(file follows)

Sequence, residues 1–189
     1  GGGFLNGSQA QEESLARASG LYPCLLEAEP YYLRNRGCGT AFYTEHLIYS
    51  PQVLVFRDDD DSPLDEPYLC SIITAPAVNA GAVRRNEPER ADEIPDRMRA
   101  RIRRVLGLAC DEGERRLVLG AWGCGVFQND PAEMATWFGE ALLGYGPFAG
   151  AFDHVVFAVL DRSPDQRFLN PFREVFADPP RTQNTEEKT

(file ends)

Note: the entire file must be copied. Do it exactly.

Sequence, residues 1–189
     1  GGGFLNGSQA QEESLARASG LYPCLLEAEP YYLRNRGCGT AFYTEHLIYS
    51  PQVLVFRDDD DSPLDEPYLC SIITAPAVNA GAVRRNEPER ADEIPDRMRA
   101  RIRRVLGLAC DEGERRLVLG AWGCGVFQND PAEMATWFGE ALLGYGPFAG
   151  AFDHVVFAVL DRSPDQRFLN PFREVFADPP RTQNTEEKT